Beekeepers MUST work in the spring to keep mite numbers low in September and October. The concept: if we flatten the mite growth curve in the spring their eventual population will not be as large and the harmful viruses they foster will mean less fall colony collapse and overwinter colony losses. Read to end for how to flatten mite growth in the spring.
It seems varroa mites are using drone brood to grow their spring population, based on new research from University of Maryland (Zachary Lamas), yet to be published. Dr Lamas’ study demonstrates the early spring reproducing female mites are primarily in drone brood. The research shows not mite bombs, nor robbing leads to high mite counts in the fall. It turns out the mites are hiding in plain sight, reproducing in drone brood of expanding spring colonies. We miss “seeing” them because, significantly, the mites are not randomly distributed.
A recent Bee Informed Partnership (BIP) blog emphasized the importance of spring mite control .(https://beeinformed.org/2023/03/01/the-importance-of-spring-mite-loads/) Proactively attacking the mite buildup in the spring translates into colonies never suffering the high mite numbers found in the fall when brood rearing slows and the number of mites on adult workers (the phoretic mites sampled through alcohol/powdered sugar mite sampling) all of a sudden “explode”. High mite numbers translate into the greater probability of Deformed Wing Virus (DWV) or the Paralysis viruses significantly shortening adult bee life and colonies not surviving winter.
Backyard beekeepers (those who maintain less than 50 colonies) have an annual 40% winter loss in Oregon. Commercial beekeepers who have low (~20%) losses year after year, achieve only ½ the losses of backyarders via 2 routes: 1) stock selection and 2) heavy use of amitraz. Unfortunately, the latter is coming back to “bite them” as those beekeepers who have used amitraz 4-5 times a year, mixing their own formulations from the chemical, are those who have the highest amitraz resistance according to Frank Rinkovich of Baton Rouge USDA lab. Amitraz is the only synthetic miticide available for mite control.
Those individuals who have the best overwintering success are likely to be those who suffered heavy losses for several years but who have continued to select local stock. Individuals living in areas where they are the principal beekeeper, have colonies with drone populations from their selected stock and they have the best overwintering success. Their virgin queen matings are primarily with the drones from their stock. The uncapping (hygienic) behavior, the main way bees fight the mites, is “lost” very quickly from a stock (it turns out) unless drone matings are with selected stock.
So what works to flatten the spring mite growth?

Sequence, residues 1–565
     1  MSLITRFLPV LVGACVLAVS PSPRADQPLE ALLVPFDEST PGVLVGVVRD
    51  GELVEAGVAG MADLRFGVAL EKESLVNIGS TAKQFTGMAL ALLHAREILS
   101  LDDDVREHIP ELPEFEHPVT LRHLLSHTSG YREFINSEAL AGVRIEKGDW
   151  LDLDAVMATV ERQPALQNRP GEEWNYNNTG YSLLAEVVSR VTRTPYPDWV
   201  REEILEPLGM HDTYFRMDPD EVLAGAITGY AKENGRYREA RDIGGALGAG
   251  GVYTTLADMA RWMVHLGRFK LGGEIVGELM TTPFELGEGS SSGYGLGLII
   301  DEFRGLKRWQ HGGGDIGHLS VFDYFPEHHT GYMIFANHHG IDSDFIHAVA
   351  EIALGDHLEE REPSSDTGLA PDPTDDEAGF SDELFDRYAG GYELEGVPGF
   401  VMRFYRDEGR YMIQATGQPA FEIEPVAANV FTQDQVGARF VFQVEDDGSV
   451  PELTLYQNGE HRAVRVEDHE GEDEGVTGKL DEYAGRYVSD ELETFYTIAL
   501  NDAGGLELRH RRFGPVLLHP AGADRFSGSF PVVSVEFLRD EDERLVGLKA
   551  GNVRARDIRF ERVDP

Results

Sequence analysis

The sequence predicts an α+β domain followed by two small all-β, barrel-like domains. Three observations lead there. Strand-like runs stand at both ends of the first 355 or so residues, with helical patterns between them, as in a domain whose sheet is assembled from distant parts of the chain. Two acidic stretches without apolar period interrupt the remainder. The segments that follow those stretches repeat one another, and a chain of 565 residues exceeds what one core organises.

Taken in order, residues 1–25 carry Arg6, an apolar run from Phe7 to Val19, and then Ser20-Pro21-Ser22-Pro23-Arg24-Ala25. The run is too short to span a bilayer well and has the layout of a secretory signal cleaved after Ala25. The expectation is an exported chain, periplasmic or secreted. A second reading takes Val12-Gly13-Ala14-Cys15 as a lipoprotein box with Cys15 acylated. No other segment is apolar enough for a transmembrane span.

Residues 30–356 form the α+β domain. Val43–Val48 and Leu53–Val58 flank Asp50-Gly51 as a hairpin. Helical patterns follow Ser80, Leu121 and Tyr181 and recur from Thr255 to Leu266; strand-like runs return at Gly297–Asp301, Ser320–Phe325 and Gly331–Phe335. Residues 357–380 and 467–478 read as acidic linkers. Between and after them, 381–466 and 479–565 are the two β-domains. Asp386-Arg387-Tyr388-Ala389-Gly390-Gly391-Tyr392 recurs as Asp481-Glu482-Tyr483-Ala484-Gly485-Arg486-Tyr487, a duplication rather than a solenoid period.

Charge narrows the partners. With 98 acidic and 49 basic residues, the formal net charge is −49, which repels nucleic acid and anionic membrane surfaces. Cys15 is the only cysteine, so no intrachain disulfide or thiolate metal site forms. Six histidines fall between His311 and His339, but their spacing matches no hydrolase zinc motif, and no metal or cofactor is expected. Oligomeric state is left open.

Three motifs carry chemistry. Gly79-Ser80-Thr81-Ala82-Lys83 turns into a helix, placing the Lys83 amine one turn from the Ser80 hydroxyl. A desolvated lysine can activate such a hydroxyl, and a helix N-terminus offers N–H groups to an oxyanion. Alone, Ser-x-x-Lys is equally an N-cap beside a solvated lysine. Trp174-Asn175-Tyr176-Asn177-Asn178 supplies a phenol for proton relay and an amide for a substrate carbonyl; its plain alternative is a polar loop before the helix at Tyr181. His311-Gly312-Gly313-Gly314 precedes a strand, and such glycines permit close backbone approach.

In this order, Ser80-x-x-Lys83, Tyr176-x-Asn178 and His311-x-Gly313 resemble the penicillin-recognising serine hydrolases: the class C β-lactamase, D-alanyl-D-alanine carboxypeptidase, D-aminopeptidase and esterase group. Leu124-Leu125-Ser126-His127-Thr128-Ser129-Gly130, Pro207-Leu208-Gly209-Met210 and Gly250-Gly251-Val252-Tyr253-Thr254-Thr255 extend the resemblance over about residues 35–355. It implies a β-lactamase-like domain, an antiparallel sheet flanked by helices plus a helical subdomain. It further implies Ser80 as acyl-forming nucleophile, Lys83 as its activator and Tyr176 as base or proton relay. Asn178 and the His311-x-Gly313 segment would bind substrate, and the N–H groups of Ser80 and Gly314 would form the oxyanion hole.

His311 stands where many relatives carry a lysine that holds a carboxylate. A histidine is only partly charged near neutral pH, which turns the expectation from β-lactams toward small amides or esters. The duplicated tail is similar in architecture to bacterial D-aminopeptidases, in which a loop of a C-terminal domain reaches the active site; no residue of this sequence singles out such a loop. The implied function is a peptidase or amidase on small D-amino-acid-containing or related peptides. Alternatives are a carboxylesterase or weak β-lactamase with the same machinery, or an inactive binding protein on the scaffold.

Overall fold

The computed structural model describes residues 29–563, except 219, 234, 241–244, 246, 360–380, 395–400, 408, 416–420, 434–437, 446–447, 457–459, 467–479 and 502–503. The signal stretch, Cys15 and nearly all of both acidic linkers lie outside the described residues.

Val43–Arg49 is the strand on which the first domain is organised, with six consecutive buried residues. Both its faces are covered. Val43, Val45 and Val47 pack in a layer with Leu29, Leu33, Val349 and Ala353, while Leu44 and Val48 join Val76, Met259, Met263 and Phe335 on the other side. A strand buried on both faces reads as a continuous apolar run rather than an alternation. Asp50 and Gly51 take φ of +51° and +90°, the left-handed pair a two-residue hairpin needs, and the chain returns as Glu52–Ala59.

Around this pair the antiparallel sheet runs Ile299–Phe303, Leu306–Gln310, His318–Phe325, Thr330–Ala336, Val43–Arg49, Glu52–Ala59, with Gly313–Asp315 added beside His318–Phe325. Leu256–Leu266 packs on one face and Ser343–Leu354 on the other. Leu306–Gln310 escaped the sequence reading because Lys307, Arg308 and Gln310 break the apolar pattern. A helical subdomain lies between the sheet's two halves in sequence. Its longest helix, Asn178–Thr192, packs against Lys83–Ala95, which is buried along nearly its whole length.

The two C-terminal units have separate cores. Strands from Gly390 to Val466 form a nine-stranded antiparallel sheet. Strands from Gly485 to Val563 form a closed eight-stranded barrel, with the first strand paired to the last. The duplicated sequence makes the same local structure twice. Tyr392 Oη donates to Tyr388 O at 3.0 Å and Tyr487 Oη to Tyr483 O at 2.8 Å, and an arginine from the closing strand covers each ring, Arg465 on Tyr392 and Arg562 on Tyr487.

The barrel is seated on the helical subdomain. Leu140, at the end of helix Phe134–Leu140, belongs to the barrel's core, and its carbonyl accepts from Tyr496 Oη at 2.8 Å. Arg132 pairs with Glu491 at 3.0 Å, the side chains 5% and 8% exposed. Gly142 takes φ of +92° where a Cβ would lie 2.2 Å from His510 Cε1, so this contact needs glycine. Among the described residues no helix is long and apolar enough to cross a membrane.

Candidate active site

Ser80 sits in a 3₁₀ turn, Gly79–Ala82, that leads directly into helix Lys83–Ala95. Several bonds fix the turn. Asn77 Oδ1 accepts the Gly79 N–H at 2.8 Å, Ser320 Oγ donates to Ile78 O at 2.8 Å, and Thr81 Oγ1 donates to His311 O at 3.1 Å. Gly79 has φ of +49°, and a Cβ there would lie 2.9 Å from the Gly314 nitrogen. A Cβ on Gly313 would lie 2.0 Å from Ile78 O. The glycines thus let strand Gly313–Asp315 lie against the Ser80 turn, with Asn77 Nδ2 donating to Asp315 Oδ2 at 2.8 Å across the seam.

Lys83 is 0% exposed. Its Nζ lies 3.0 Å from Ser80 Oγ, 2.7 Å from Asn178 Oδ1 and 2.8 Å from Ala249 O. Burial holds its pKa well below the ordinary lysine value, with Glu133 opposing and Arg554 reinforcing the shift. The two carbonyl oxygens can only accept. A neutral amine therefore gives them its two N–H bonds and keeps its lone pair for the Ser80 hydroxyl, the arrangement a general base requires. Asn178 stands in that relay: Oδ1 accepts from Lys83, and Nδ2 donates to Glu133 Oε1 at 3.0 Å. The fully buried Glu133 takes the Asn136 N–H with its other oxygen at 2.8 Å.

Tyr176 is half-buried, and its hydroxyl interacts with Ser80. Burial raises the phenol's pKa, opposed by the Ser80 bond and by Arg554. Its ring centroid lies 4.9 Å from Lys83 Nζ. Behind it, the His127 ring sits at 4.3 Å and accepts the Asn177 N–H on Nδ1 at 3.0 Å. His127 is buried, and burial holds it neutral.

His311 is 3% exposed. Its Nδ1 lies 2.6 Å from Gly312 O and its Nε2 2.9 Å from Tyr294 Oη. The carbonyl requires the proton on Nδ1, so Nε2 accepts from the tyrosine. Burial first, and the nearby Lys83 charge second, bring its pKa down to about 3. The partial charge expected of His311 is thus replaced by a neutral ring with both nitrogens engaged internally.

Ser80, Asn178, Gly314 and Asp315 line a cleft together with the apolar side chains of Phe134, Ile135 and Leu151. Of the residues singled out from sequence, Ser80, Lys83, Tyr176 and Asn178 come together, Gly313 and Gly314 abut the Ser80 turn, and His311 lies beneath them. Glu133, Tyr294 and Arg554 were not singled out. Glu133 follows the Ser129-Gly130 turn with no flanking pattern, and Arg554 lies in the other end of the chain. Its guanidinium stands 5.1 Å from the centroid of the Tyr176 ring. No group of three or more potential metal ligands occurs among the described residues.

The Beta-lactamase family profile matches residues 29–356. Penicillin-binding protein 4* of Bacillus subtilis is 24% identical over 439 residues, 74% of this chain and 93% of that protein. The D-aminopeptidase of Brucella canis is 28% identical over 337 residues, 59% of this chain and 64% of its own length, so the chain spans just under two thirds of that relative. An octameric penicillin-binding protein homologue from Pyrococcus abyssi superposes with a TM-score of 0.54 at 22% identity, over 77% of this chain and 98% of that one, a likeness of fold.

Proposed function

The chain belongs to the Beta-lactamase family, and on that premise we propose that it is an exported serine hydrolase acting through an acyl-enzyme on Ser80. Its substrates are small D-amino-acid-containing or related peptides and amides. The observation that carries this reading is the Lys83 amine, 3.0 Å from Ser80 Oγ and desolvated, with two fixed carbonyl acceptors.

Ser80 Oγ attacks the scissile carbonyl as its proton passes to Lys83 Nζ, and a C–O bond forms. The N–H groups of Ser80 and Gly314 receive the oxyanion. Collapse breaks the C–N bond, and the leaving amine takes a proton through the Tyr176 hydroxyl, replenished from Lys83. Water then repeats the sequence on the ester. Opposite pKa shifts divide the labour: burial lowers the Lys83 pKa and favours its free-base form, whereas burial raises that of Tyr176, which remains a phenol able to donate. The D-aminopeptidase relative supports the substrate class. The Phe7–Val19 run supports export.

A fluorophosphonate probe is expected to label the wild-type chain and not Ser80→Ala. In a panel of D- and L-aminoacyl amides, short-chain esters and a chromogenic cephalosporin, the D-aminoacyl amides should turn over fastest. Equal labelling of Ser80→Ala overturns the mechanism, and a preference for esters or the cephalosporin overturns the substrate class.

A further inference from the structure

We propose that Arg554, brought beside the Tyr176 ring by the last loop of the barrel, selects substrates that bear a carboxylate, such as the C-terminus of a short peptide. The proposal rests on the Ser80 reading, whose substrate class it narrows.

Apivar is still a valuable chemical alternative to varroa mite control where it has not been used exclusively to control mites for multiple years. The colonies used to generate the nucs and packages used to start a colony this April/May have likely been treated with Apivar by the beekeeper making up the nucs/packages. If individuals wish to treat their newly started colonies with Apivar they should ask the supplier if they have already been treated with Apivar. If yes or unknown, Apivar might be a better choice to use in the fall. The label does permit 2 applications/year.
For overwintered colonies, Apivar needs to be used early as treatment requires 6 weeks in the colony and a waiting period of 2 weeks before supering (for harvestable surplus honey). Use in early March would mean holding off on supering until end of April (8 weeks). In some springs/locations, strong colonies might need a super mid-April especially if you hope to capture big leaf maple surplus.
What might be a chemical alternative? The essential oil thymol (ApilLifeVar or Apiguard), once temperatures get to 65 F. or Formic acid (FormicPro). The formic acid ½ dosage application would be better than full doe as you can use even supers are on and it is less likely to result in queen death or stoppage in queen egg laying. You can also use the Apiguard thymol at ½ dosage.
Since drone brood is action central for early spring population growth of mites, drone brood removal is an effective non-chemical means of flattening the mite growth curve. Using this technique, you control where bees rear drones. Then by removing the capped drones before the adults emerge, any cells that have reproducing mites will be eliminated. You have prevented that female mite from reproducing 2 or more offspring. It is proactive management – you the beekeeper are managing the mites rather than the mites managing you (and their host bees).
Another non chemical mite control is to split (divide) colonies. As soon as queen cells are noted (in strongest colonies), splitting will be a method to reduce the probability of swarming. One or more of the divisions with minimal capped brood can be treated with oxalic acid (dribble or vaporization)and splits without the queen will have a period when there is no capped brood to treat with oxalic acid. It is a much more difficult management but both control of swarming and mite control can be achieved by splitting.
We MUST work in spring to keep mite numbers low in September and October. We need to flatten the mite growth curve so the eventual mite population will not be as great. It is hard to bring down high mite numbers in the fall – work to keep the numbers low for best success.
P.S. Randy Oliver of Scientific beekeeping has constructed a model that captures the importance of early intervention and keeping overall mite population low.
Randy’s Varroa model. Scientific Beekeeping. Retrieved March 4, 2023, from https://scientificbeekeeping.com/randys-varroa-model/